Review japanese knife

Shun Classic 7-piece Block Set

Shun Classic 7-piece Block Set

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When it comes to precision, sharpness and balance, it’s hard to beat Japanese knives, and Shun is currently King of the Hill in the Japanese knife market.

In particular, Shun’s edge retention is significantly better than just about any other major brand. I have owned Shun Classic knives, and they held their edge very well under average household use (used them for dinner anywhere between 3-5 times per week) for an average of 8-12 months before I felt they needed a real sharpening.

Features of Shun Classic 7-piece Block Set

The 7-piece set is my favorite because it represents the simplest, most streamlined collection of basic knives you need. No 3 different sizes of chef knife, no hollow-ground steak knives, or bird’s-beak paring knife. Just an 8” chef, a 9” bread knife, a 6” utility, a 3” paring, a honing steel and a set of shears.

There is nothing in the set that a serious or aspiring home cook will not use on a regular basis, and there are few tasks you cannot easily accomplish with one of those knives. The utility knife in particular is great for prepping raw meats and fish, doing precision slicing, working with smaller vegetables, or any number of small-to-medium size task.

All the knives display Shun’s legendary sharpness

Chopping up an onion with a new Shun is a completely tearless experience because the sharpness and smoothness of the edge reduce the amount of cellular damage to the food. The knives are light, but not flimsy, perfectly balanced at the bolster, and comfortable and stable in the hand thanks to the smooth, D-shaped handles.

The handles are made of Pakkawood, a wood-plastic laminate, and are very durable and water-resistant (of course one should avoid soaking the knives and never put them in the dishwasher.

Shun Classics are visually beautiful, with a 32-layer Damascus-style clad steel exterior covering the VG-10 steel core. Because the ‘Damascus’ is in fact only layers of steel, and not actually folded metal, I have noticed on some very old Shuns the tendency for the pattern to fade – however that should not be a problem with home-kitchen use for many, many years.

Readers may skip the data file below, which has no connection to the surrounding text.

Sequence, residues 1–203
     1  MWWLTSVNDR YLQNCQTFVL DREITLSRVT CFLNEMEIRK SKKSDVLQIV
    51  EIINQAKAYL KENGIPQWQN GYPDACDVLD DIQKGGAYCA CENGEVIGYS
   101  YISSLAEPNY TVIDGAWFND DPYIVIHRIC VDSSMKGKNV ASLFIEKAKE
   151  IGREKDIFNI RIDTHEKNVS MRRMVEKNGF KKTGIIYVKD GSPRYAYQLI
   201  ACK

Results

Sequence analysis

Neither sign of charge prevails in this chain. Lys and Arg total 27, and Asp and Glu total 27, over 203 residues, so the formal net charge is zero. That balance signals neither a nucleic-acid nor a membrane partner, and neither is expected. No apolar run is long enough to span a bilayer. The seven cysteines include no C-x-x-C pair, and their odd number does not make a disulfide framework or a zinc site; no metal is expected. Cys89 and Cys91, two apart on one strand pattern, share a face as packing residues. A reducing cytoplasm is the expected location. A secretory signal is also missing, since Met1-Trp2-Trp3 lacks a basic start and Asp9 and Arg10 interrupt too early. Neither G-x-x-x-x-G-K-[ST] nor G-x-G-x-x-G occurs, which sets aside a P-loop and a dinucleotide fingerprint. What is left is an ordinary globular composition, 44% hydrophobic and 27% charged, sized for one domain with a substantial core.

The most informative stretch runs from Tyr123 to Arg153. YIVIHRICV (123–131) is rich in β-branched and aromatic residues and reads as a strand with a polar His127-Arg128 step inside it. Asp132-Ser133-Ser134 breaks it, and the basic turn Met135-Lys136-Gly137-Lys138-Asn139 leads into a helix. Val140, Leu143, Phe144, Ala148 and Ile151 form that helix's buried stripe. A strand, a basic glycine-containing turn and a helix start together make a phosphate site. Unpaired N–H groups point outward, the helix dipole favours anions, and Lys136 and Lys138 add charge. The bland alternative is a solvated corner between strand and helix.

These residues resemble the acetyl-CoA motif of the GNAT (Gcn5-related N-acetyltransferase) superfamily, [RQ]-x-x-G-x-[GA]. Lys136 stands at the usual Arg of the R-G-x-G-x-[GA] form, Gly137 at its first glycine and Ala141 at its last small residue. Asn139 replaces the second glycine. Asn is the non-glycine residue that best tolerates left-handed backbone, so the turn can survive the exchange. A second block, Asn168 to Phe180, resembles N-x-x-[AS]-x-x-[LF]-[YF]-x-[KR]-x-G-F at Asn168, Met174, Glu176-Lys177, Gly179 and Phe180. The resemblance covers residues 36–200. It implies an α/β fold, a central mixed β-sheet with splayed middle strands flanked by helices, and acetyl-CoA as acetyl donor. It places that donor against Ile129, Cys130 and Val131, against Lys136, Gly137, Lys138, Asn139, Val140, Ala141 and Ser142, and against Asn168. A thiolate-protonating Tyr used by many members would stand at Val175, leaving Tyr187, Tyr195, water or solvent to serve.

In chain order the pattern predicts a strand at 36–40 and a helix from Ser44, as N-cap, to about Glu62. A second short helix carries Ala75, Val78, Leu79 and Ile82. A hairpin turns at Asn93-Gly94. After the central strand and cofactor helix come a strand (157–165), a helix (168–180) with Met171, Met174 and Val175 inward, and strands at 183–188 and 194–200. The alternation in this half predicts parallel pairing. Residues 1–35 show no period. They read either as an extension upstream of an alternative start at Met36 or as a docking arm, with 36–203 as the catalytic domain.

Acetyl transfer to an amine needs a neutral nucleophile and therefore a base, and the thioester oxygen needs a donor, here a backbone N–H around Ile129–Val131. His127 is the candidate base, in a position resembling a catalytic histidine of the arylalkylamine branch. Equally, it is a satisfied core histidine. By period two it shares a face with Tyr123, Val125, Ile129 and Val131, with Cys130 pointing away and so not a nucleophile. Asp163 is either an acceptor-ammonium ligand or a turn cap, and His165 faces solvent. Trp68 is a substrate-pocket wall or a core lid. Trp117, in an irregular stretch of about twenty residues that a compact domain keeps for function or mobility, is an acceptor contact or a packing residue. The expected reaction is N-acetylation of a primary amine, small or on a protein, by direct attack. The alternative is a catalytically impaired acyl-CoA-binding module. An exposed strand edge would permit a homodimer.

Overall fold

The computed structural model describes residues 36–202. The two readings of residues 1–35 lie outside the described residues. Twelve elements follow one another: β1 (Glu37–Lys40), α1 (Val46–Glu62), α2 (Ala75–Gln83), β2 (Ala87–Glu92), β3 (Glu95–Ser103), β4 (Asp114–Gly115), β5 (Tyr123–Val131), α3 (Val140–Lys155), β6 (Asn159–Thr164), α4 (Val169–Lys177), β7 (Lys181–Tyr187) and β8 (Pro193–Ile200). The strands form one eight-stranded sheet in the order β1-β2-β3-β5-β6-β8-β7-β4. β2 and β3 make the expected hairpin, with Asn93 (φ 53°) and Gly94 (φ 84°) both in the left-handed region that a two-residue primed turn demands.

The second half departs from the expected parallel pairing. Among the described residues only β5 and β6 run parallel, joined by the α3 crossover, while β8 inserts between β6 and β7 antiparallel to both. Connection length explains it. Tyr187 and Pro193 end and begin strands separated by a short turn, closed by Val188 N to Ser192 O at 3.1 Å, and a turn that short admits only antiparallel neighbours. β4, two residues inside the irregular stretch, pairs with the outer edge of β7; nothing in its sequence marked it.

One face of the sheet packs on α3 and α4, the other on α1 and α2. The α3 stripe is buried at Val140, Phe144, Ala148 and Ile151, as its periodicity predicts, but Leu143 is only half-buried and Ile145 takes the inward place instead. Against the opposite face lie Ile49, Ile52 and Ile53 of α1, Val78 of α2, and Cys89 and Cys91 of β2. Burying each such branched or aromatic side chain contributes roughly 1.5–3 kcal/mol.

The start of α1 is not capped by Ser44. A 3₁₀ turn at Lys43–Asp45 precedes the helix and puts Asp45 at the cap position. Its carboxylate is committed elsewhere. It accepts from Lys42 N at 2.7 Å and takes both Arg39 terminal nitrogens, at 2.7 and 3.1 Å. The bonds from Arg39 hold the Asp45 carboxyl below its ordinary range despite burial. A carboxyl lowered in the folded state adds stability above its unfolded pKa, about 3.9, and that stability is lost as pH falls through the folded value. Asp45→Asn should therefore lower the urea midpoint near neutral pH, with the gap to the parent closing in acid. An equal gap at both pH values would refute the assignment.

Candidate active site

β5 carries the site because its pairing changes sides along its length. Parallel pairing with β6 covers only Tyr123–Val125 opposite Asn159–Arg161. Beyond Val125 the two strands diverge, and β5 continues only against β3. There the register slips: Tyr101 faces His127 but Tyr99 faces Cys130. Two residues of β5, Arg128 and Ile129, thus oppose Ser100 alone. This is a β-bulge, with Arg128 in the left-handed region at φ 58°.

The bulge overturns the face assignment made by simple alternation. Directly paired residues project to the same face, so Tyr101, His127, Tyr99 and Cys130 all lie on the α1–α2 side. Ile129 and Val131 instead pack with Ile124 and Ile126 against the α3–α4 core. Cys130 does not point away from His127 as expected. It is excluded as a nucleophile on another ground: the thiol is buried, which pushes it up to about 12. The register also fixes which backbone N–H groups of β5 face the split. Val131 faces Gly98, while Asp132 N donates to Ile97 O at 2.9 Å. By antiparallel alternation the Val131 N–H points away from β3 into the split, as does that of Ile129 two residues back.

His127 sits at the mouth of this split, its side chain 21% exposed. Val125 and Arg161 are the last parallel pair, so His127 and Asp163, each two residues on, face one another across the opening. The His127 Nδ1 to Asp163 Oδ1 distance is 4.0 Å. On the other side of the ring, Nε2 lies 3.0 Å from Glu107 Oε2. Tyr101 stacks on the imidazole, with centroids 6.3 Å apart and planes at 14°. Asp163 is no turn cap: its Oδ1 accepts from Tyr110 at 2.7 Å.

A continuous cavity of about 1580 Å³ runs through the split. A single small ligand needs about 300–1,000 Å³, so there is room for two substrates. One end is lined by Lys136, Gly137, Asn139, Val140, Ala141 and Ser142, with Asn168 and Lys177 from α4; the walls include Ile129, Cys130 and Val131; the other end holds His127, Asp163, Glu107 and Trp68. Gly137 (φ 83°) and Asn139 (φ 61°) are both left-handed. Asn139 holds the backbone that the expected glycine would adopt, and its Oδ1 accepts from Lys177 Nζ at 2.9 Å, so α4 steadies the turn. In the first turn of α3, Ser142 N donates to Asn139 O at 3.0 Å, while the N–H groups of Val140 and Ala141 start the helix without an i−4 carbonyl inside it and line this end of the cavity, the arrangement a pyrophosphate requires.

The only downside to the Classics

That because the edge is much finer and the steel harder, they are less forgiving of abuse than a European knife.

I have seen Shuns with nicks and chips, usually resulting from someone trying to chop up a chicken bone with a chef’s knife, or cutting on a granite countertop. Use the knives for their intended purposes, and cut on a softwood or plastic cutting board, and you should avoid any problems. If you need something for cutting up bones or frozen hunks of meat, it’s called a cleaver.

Although they require a little more time and elbow grease to resharpen than their softer European cousins, Shun Classics are still very doable at home.

The 61 Rockwell hardness is a great balance between hardness and sharpenability.

However, Shun does offer free sharpening for all its knives by mail, so if you can stand to be without them for a week or two, it’s the best way to ensure they keep that amazing edge.

However, after you use these knives a few times, you may find life hard to imagine without them.

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